Scroll Down

Laser refractive surgery is intended to be a once-only permanent correction for focusing errors. The laser changes the shape of the cornea adjusting your focus in the same way as wearing contact lenses or glasses. When your eyes have fully recovered, the changes made to your cornea are permanent and completely stable.

Laser refractive surgery is intended to be a once-only permanent correction for focusing errors. The laser changes the shape of the cornea adjusting your focus in the same way as wearing contact lenses or glasses. During the surgery, the laser removes a pre-determined amount of tissue and once the tissue is removed, it cannot grow back. When your eyes have fully recovered, the changes made to your cornea are permanent and completely stable.

All surgery stimulates the body’s natural healing response and is different for everyone as our bodies heal at their own rate. Your recovery time may vary from a few hours to several weeks or a couple of months before your vision completely stabilises. Patient differences in healing can affect both the visual recovery process and the final visual outcome. After the initial procedure and the recovery period if there is some remaining farsightedness or nearsightedness, you may be offered an enhancement procedure. About 3% of people either over or under heal and require an enhancement. This is a repeat of the laser eye surgery to correct the remaining refractive error, is normally done at 3-6 months and is included in the cost of your original procedure.

Will I need glasses in the future after laser eye surgery?

Your eye is a living organ and will age over time, just like the rest of your body. Laser eye surgery will not prevent you from developing age-related changes such as cataracts or presbyopia.

Around the age of 45 years, the lens of the eye becomes more stiff and less elastic and the muscles around it can longer change its shape, resulting in a loss of focus on objects in the near vision. You may have found yourself stretching your arm to read your smart phone, or requiring brighter light to read a book in the evening.  This anatomical change is in the lens and muscles of the eye - not the cornea which is the part of the eye corrected by the laser eye surgery.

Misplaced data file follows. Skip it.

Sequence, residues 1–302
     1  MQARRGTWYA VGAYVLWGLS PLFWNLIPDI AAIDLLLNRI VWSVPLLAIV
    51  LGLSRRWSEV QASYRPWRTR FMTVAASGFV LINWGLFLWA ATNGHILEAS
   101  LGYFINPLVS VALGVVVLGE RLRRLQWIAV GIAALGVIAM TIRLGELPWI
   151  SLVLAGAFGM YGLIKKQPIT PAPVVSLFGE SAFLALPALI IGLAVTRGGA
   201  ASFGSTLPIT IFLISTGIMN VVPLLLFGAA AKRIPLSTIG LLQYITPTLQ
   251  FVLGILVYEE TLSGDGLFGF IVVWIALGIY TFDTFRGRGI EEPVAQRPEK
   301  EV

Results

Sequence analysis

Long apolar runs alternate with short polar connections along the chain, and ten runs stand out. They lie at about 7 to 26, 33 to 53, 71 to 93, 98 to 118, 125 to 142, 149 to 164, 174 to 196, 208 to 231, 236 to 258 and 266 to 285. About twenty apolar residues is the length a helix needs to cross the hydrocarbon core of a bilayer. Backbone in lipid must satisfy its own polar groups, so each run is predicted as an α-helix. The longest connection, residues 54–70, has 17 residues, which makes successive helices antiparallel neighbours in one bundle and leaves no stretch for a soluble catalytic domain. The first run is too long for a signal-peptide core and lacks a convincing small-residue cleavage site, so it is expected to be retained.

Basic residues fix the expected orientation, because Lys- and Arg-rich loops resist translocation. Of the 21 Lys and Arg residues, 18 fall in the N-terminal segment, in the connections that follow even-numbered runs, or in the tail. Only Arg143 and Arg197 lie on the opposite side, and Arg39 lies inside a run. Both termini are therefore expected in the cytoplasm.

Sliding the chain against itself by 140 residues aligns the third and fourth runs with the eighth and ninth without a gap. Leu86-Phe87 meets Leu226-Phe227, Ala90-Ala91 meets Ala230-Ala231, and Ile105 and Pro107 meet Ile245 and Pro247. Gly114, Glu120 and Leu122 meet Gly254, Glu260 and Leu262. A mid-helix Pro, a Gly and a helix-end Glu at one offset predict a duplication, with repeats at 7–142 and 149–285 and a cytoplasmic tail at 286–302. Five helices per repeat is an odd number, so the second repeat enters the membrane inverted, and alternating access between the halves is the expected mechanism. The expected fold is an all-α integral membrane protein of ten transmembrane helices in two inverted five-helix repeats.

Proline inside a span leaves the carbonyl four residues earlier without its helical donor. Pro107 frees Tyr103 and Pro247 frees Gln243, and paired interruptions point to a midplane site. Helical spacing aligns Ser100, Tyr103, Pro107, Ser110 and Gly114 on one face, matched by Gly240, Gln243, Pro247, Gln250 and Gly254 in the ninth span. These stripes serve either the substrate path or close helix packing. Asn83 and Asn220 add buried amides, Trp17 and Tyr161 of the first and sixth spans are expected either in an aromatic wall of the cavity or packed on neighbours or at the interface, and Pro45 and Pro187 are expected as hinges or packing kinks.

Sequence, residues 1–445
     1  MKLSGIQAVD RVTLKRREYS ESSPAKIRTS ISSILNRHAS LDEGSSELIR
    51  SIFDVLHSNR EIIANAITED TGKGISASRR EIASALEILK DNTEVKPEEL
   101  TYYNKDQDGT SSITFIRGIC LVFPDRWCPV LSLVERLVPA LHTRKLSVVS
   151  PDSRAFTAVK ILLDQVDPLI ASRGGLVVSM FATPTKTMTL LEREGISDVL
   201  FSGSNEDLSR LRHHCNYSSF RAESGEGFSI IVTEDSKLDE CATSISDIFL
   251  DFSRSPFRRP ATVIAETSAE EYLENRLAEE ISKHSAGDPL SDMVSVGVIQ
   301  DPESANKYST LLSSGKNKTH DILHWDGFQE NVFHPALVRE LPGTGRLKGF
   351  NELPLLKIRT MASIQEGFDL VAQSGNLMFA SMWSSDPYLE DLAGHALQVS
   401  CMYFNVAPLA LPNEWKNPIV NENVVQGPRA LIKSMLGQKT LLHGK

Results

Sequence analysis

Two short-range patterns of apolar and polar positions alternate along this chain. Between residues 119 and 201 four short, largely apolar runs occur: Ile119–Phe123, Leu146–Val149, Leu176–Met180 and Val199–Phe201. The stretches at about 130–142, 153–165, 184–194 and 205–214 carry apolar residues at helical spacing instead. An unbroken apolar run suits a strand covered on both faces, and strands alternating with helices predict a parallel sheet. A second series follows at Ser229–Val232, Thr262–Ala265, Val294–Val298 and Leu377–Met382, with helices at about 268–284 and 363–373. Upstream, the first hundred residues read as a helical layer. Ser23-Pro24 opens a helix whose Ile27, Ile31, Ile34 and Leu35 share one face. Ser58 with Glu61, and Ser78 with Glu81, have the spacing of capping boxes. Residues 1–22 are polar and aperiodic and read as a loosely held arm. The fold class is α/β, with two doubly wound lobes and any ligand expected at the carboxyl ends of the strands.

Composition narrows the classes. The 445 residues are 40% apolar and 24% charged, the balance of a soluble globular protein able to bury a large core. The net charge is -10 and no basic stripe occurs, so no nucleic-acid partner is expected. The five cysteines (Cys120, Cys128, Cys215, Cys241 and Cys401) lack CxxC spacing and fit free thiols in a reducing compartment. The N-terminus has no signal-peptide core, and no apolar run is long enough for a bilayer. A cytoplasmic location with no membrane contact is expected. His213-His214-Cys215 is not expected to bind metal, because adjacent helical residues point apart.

The good news is that there are procedures to correct presbyopia as well including; an enhancement if you have already had laser eye surgery when you were younger, laser blended vision if you are thinking about having laser eye surgery and do not wish to show your age by starting to wear reading glasses, or a lens replacement.

Call 0800 692020 or email info@boweneye.co.nz to book a free suitability assessment for laser eye surgery with Dr Reece Hall.

 

Glossary

Cataract when the natural lens gets cloudy enough to make vision hazy it is called a cataract.

Cornea the clear part of the eye wall at the front of the eye. Two thirds of the focusing power of the eye is from the cornea. The cornea is reshaped in laser eye surgery.

Enhancement or re-treatment surgeries are performed when a full correction from the LASIK procedure has not been achieved due to the body’s natural healing response. Enhancement surgery can be performed no sooner than three months after surgery and for up to one year. Around 3% of people who have LASIK have an enhancement procedure.

Laser blended vision is laser refractive surgery using the same femtosecond and excimer laser machines as in LASIK. It corrects the dominant eye mainly for distance vision and the non-dominant eye mainly for near vision, with the depth of field of each eye being increased.  By increasing the depth of your visual field, the brain merges the two images which creates a “blend zone”. This zone is a focus for both eyes overlapping and working together, which allow you to see near, middle and distance vision removing the need for glasses altogether.

Laser eye surgery correction of sight using excimer and/or femtosecond lasers to alter the curvature and focusing power of the cornea.

Laser refractive surgery this is another name for laser eye surgery or laser vision correction surgery; surgery to reduce the need for glasses or contact lenses.

Lens is made of transparent, flexible protein tissue and is located directly behind the iris and the pupil. It is the second part of your eye, after the cornea, that helps to focus light and images on your retina. Because the lens is flexible and elastic when young, it can change its curved shape to focus on objects nearby or at a distance.

Presbyopia age related stiffening of the lens causing a loss of reading vision and the ability to focus on a near object without the help from glasses.

Refractive surgery this is another name for vision correction surgery to reduce the need for glasses and contact lenses.